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Tweet Chat: Obesity&Heart Disease (Dr Hubbard 11 7 12)

Wednesday, November 7, 2012 – Noon

Description

Carlos A. Hubbard MD, PhD, cardiologist and Section Head of Regional Cardiology, discusses obesity and heart disease.

HeartRN: Can you decrease heart disease medications by losing weight?

Dr. Hubbard: depending on the medicine you may be able to decrease or do away with some medications with significant weight loss. You should always discuss discontinuation of meds with your doctor first.

HeartRN: If you are pre-diabetic - how can losing weight prevent one from becoming diabetic?

Dr. Hubbard: losing weight increases our insulin sensitivity and can slow or halt the progression towards diabetes. Weight loss has been shown to decrease dependence on meds for existing diabetic patients through this mechanism.

HeartRN: How much weight loss actually decreases the risk of heart disease?

Dr. Hubbard: a 10 percent weight loss has been shown to decrease cardiovascular risk significantly. In some cases the decrease in stroke and heart attack is by 20 percent or more.

HeartRN: How do you decide when to move to medications or bariatric surgery vs. exercise and diet?

Dr. Hubbard: An aggressive program involving dietary changes and exercise should always be the first step. Surgery and medications are alternatives for people unsuccessful with diet/exercise alone. Most bariatric programs require a one year diet and exercise program prior to surgery.

HeartRN: Are there supplements that can be taken to help lose weight instead of prescription medications?

Dr. Hubbard: No. A healthy mostly plant based diet is what is primarily recommended. Supplements can have biological effects and adversely interact with prescribed medications.

HeartRN: What is the relationship between thyroid, diabetes and heart disease and weight gain?

Dr. Hubbard: thyroid disorders can lead to weight gain and heart disease but are not a common cause for either of these problems. Diabetes is a well established risk for heart disease and is worsened and caused by obesity.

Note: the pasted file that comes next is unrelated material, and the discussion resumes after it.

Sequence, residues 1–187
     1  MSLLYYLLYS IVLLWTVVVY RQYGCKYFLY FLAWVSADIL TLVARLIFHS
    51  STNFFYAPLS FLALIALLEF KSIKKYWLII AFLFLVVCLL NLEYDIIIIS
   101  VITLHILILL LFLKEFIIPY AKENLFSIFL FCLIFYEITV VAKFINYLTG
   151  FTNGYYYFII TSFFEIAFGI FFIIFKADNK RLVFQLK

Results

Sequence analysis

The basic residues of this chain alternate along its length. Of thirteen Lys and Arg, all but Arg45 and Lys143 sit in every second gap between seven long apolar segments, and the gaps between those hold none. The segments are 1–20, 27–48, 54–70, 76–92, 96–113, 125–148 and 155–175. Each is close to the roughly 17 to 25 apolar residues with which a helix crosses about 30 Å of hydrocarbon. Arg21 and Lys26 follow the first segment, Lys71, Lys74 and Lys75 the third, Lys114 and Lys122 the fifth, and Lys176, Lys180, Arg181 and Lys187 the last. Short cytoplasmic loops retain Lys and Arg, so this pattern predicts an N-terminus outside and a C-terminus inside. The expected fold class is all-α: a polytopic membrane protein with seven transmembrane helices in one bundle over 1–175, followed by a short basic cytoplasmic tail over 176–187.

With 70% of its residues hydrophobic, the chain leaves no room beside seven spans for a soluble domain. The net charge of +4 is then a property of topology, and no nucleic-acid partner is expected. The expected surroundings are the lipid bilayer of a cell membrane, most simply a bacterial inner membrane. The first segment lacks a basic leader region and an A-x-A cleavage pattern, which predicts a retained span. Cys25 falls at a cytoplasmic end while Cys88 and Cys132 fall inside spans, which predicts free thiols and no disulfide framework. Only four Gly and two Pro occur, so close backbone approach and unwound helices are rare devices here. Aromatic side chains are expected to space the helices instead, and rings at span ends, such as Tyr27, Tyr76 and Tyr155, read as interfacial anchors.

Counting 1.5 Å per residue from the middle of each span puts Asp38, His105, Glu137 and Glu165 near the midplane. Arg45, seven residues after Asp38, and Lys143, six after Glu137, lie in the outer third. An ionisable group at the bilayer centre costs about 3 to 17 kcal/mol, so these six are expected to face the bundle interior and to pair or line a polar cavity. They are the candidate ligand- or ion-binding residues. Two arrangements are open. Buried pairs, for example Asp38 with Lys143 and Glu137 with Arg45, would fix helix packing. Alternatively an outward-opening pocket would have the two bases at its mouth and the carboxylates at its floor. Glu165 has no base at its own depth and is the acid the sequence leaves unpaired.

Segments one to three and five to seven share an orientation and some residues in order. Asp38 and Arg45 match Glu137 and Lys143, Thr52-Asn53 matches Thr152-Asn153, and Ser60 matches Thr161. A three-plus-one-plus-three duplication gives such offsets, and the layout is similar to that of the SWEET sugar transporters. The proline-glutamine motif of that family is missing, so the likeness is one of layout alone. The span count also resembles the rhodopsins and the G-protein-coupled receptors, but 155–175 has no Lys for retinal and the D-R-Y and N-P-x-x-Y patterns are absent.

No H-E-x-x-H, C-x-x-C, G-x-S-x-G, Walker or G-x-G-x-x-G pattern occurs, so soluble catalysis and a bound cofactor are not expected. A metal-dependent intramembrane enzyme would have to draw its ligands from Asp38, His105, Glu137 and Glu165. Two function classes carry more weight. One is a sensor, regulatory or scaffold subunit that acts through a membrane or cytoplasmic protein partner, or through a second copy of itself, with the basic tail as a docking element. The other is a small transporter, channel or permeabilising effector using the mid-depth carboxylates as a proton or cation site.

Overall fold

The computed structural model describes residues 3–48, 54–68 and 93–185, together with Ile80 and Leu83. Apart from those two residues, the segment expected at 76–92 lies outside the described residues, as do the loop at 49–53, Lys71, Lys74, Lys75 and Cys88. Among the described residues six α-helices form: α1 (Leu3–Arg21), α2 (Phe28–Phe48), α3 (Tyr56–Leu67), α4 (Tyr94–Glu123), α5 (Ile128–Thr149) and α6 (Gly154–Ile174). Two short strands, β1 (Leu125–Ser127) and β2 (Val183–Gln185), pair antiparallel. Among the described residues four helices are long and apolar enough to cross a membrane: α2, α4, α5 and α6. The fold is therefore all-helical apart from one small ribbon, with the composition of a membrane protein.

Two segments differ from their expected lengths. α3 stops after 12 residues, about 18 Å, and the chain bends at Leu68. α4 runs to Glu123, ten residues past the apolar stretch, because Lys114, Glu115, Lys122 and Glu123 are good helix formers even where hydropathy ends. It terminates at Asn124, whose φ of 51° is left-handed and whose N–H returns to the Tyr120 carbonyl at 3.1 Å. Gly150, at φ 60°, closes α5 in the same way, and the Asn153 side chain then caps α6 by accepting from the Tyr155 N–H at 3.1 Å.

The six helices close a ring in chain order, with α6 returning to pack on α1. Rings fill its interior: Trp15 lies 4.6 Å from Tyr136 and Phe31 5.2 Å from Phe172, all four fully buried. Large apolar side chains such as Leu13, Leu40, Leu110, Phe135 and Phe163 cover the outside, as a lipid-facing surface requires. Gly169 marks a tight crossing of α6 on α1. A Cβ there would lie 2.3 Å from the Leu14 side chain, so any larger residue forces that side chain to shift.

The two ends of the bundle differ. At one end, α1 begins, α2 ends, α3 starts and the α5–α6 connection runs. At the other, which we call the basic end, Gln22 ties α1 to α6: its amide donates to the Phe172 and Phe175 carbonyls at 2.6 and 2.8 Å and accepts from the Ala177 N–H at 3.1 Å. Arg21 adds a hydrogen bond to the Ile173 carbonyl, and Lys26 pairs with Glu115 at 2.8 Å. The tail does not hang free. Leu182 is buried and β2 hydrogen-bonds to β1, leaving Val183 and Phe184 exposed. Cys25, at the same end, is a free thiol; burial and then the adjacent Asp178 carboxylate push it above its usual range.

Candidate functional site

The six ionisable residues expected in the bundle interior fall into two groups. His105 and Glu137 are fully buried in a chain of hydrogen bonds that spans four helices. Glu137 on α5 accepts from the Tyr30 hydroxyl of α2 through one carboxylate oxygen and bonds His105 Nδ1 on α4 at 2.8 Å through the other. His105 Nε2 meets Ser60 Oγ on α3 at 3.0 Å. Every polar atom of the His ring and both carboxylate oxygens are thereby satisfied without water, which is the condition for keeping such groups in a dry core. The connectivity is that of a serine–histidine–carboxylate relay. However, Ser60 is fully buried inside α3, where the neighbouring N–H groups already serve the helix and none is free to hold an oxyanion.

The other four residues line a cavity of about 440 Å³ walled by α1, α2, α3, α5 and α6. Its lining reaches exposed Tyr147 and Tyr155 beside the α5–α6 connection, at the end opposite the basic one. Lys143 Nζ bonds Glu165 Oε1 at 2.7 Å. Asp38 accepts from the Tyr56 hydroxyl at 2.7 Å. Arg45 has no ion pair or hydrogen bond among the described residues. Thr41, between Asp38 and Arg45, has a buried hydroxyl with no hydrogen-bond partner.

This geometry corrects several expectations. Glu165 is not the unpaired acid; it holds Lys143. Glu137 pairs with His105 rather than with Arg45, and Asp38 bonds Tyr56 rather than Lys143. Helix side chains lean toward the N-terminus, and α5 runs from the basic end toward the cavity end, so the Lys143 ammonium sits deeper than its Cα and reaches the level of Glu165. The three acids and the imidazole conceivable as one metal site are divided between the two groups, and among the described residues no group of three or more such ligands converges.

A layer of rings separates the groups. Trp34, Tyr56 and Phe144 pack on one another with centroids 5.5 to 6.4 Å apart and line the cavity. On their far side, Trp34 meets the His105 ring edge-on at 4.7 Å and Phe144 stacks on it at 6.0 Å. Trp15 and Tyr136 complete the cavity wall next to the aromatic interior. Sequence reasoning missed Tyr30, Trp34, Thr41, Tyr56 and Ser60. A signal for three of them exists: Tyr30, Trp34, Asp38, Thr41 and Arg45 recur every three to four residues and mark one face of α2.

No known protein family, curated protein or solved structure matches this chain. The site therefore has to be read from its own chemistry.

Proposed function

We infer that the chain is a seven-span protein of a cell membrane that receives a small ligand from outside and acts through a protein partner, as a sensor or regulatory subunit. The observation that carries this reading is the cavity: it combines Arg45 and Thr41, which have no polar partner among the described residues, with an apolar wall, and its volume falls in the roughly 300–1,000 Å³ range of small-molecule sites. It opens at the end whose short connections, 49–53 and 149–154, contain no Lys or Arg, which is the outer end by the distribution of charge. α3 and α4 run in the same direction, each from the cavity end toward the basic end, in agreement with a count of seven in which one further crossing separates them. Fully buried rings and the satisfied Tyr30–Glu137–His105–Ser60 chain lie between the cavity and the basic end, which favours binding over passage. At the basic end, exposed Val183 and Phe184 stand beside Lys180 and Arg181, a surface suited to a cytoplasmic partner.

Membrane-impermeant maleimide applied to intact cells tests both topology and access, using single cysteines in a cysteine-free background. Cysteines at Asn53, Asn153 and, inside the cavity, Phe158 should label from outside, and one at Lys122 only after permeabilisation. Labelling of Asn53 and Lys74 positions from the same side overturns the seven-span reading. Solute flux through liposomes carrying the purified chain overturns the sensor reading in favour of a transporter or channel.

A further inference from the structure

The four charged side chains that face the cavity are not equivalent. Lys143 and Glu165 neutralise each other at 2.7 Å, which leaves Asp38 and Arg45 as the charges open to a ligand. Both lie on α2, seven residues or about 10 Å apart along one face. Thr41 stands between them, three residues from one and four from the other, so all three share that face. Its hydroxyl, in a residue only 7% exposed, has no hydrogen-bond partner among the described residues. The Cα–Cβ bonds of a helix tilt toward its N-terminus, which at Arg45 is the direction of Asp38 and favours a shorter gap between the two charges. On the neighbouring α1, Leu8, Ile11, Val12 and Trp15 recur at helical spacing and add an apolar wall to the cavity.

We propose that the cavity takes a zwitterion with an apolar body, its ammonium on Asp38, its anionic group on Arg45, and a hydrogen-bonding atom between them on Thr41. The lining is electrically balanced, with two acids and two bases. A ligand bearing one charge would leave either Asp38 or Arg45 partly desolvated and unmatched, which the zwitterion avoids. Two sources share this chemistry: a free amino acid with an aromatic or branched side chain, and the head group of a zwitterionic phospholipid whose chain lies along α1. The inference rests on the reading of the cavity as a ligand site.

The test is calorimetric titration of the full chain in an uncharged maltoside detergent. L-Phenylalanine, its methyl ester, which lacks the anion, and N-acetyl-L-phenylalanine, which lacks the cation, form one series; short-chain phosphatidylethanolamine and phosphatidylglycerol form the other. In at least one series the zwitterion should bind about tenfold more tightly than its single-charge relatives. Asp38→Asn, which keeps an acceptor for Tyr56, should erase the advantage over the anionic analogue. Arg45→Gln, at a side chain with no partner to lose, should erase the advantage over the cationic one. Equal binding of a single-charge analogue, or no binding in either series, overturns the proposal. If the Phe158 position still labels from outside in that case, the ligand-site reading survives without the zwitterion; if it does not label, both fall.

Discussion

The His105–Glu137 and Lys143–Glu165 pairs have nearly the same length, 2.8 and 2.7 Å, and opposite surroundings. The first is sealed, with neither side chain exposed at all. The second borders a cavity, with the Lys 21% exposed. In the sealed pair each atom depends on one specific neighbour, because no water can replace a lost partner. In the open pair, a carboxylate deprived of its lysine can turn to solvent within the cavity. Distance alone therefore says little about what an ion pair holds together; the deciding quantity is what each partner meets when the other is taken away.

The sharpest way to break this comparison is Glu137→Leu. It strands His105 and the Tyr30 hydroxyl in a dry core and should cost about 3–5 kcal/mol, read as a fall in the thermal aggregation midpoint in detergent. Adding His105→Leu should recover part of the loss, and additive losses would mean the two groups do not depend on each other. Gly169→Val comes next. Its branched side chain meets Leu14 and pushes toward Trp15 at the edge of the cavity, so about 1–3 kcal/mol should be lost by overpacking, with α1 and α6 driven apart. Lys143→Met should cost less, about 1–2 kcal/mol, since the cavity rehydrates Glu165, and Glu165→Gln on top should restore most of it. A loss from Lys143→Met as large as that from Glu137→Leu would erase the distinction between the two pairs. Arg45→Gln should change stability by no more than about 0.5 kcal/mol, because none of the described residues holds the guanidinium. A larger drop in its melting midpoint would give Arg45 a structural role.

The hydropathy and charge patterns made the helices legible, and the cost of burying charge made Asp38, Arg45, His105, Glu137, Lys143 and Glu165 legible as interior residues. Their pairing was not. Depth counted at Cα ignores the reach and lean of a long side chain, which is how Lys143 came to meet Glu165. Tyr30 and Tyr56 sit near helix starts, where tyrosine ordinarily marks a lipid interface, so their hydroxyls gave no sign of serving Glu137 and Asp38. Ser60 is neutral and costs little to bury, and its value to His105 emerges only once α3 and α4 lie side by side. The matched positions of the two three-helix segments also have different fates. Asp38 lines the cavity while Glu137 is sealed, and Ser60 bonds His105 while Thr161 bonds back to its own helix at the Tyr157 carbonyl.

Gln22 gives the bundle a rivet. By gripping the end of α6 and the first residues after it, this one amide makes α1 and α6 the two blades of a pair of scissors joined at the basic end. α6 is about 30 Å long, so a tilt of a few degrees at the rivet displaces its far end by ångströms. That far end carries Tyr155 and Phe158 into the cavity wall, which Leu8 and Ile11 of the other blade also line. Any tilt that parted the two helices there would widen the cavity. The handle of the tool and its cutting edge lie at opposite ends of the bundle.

HeartRN: Are there studies that are looking at medical therapies other than surgery for weight loss?

Dr. Hubbard: Yes we currently have a couple of clinical trials evaluating non-surgical approaches to weight loss. If you are interested learning more about these programs you can contact our researchers at 216-445-4522.

HeartRN: How do the research studies differ from current approaches?

Dr. Hubbard: Some medications affect fat absorption from diet, others suppress appetite, and others affect metabolism. One current study we are conducting utilizes two medications with a long established safety profile. This is somewhat different than other ongoing studies with newer novel drugs. The study is being conducted nation wide and specifically is for diabetics or patients with heart/vascular disease. Your doctor needs to be involved in decision regarding which approach is most safe for you.

Heart RN: Dr. Hubbard thank you for your time today - where can people get more information about ongoing trials?

Dr. Hubbard: Our research staff is a great resource and again can be contacted at 216-445-4522 for further information.

This information is provided by Cleveland Clinic as a convenience service only and is not intended to replace the medical advice of your doctor or health care provider. Please consult your health care provider for advice about a specific medical condition. Please remember that this information, in the absence of a visit with a health care professional, must be considered as an educational service only and is not designed to replace a physician's independent judgment about the appropriateness or risks of a procedure for a given patient. The views and opinions expressed by an individual in this forum are not necessarily the views of the Cleveland Clinic institution or other Cleveland Clinic physicians.

Reviewed: 11/18/12

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This information is provided by Cleveland Clinic and is not intended to replace the medical advice of your doctor or health care provider. Please consult your health care provider for advice about a specific medical condition.

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HealthHub from Cleveland Clinic

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